London office market in ‘rental recession’ as vacancies hit 30-year high – Jefferies

By Sinead Cruise and Iain Withers

LONDON (Reuters) -London’s embattled office market is in “rental recession” as empty workspace across the UK capital’s West End, City and Canary Wharf business hubs hits a 30-year high, analysts at Jefferies said, pressuring shares of several top landlords.

In a note downgrading Land Securities, British Land, Derwent London and Great Portland Estates, Jefferies estimated a 20% contraction in London office usage due to post-pandemic hybrid working and tenants’ growing preference for greener buildings in the suburbs.

“Retail was technology’s first casualty and we think offices are next. Utilisation has shrunk and landlords are losing pricing power as tenants offload surplus space,” the analysts said.

Shares in the four developers fell in early Wednesday trading, with Great Portland Estates down 3%, while Land Securities, British Land and Derwent London slipped 1-2%. The wider FTSE 350 index was broadly flat.

The companies did not immediately respond to requests for comment.

Property companies globally are facing a double whammy of sliding office occupancy and sharply higher funding costs driven by higher interest rates.

Real estate firms in several European countries – including Sweden and Germany – have come under strain, while shares in major UK landlords have slid this year close to lows seen in the aftermath of the country’s tumultuous ‘mini-budget’ last autumn.


In London, Jefferies estimated West End vacancies at 7%, with rates in the City and Canary Wharf at 10% and more than 20% respectively, with the tipping point for a rental recession – when rents start to fall – historically around 8%.

At more than 30 pounds ($36) a square foot, Jefferies said rents achieved by warehouse landlord Segro at logistics park Park Royal were likely now higher than the market rate at Canary Wharf, home to major financial tenants including Barclays, JPMorgan and Morgan Stanley.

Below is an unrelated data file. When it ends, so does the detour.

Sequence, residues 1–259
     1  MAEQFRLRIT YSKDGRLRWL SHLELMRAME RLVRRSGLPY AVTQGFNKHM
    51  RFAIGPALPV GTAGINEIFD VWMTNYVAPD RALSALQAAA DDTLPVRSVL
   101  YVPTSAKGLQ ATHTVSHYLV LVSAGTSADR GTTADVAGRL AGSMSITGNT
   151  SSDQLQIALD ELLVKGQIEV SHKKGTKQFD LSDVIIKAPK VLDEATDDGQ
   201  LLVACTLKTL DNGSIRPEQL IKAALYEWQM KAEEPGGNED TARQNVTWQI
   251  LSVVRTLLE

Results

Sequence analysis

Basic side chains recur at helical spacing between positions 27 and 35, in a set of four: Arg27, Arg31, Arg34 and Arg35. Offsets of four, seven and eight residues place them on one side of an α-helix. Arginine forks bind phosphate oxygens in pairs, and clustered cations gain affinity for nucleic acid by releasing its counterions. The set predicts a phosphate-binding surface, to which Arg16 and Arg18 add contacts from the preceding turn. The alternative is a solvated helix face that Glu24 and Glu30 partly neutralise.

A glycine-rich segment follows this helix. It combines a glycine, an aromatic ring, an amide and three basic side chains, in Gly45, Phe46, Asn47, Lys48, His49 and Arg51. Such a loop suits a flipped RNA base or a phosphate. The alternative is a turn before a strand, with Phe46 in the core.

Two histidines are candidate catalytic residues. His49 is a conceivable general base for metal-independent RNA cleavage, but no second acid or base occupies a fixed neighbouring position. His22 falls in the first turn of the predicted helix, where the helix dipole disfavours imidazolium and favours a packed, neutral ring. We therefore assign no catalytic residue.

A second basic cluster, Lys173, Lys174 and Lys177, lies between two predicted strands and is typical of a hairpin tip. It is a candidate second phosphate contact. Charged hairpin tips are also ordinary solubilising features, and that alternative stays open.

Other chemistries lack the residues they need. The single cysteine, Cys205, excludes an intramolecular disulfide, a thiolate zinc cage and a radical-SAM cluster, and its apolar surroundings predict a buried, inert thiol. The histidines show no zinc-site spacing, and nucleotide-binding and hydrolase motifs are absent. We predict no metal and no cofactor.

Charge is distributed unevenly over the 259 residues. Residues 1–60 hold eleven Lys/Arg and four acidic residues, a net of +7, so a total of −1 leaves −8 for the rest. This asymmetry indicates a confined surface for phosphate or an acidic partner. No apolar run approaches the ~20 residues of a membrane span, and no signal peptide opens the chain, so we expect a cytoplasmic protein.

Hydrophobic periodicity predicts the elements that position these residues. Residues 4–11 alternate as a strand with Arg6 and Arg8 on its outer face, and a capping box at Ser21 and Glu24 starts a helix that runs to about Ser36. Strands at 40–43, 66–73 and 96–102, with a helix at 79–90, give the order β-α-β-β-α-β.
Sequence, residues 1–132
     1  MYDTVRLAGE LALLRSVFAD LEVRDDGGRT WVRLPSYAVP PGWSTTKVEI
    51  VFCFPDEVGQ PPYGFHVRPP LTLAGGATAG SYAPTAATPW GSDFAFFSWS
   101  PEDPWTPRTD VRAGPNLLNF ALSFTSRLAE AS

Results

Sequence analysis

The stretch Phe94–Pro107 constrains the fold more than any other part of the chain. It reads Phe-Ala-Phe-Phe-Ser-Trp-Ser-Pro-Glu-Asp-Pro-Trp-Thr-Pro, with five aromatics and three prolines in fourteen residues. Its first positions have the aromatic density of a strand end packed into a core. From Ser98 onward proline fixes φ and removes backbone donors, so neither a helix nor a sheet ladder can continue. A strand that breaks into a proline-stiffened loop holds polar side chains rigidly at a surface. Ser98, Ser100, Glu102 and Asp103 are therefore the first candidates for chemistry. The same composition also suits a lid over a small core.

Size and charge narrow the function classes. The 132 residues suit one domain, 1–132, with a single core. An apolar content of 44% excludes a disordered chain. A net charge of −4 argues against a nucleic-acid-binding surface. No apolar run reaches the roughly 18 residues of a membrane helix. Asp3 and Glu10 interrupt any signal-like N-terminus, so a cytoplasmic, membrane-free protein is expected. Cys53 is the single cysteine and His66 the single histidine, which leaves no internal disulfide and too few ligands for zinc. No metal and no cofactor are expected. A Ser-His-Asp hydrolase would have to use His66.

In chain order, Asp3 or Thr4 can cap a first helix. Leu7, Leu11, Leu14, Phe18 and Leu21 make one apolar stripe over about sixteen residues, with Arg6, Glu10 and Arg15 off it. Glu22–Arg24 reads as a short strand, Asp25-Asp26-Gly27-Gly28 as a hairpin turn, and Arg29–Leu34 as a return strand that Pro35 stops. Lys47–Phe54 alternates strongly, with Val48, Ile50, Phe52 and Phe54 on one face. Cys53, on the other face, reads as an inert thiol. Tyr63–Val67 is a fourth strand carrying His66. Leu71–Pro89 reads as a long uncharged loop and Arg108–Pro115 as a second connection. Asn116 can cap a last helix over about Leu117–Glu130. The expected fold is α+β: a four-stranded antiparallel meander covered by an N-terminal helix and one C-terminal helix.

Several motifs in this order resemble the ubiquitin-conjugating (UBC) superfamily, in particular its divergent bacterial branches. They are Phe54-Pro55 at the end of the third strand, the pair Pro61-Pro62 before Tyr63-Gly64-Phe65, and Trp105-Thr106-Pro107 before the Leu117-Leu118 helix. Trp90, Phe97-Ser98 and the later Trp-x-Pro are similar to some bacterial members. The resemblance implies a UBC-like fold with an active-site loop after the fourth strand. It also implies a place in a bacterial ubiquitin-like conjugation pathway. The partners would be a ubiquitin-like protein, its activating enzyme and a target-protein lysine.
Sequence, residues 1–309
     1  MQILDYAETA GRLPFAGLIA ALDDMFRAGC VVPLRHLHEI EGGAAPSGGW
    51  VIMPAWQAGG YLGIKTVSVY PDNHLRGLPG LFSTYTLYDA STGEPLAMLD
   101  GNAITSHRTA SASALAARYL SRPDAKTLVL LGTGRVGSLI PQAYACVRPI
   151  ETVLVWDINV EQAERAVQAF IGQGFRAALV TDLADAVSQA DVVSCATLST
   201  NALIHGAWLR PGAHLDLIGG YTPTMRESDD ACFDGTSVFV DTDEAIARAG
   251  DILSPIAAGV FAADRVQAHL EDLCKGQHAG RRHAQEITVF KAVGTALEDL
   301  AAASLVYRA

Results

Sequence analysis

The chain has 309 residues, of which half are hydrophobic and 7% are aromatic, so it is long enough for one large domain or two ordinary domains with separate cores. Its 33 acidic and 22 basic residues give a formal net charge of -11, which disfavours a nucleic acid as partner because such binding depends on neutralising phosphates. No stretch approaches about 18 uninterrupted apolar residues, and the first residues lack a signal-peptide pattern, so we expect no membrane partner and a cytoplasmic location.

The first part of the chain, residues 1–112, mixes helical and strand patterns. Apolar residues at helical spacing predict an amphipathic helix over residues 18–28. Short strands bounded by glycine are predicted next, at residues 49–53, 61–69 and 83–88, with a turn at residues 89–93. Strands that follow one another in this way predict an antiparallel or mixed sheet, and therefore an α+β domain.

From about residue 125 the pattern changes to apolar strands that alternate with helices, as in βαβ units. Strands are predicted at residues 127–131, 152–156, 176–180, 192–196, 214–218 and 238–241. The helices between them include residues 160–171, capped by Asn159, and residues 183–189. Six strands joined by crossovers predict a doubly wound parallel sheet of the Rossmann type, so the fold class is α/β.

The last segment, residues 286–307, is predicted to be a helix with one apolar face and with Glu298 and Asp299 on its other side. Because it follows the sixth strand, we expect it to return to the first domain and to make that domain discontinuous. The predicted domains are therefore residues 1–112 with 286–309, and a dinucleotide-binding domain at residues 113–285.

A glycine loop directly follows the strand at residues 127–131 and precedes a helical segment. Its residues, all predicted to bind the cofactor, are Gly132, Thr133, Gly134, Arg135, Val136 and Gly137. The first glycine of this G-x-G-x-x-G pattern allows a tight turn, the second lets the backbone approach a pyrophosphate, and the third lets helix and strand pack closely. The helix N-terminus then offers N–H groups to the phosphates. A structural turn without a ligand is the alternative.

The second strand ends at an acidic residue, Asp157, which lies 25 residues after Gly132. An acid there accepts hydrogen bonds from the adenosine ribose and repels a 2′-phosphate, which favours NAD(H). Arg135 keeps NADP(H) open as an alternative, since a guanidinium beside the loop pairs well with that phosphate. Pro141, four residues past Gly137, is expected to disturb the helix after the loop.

Long-term Canary Wharf resident HSBC recently announced it would relocate to a much smaller office in the City.

Land Securities, which hosts a capital markets event for investors on Wednesday, separately said demand for its central London office portfolio remained “strong”, with occupancy up to 96.9% over the first five months of the financial year.

The company recently sold off 2.2 billion pounds of mainly mature offices let to single tenants, in a batch of disposals Chief Executive Mark Allan described as “very timely”.

“Over the past year, we have been decisive in positioning the business for a higher for longer interest rate environment,” Allan said.

Investors have been steadily losing confidence in the wider UK real estate sector, with outflows from property funds accelerating markedly in August, according to the latest Fund Flow Index from Calastone.

Investors have pulled 428 million pounds from their property fund holdings year to date, Calastone data shows.

“Investment market liquidity is receding on rent uncertainty and squeezing developer profits,” Jefferies said.

“London REITs (real estate investment trusts) appear cheap but are probably not good value.”

($1 = 0.8235 pounds)

(Reporting by Sinead Cruise and Iain WithersAdditional reporting by Amanda CooperEditing by Mark Potter)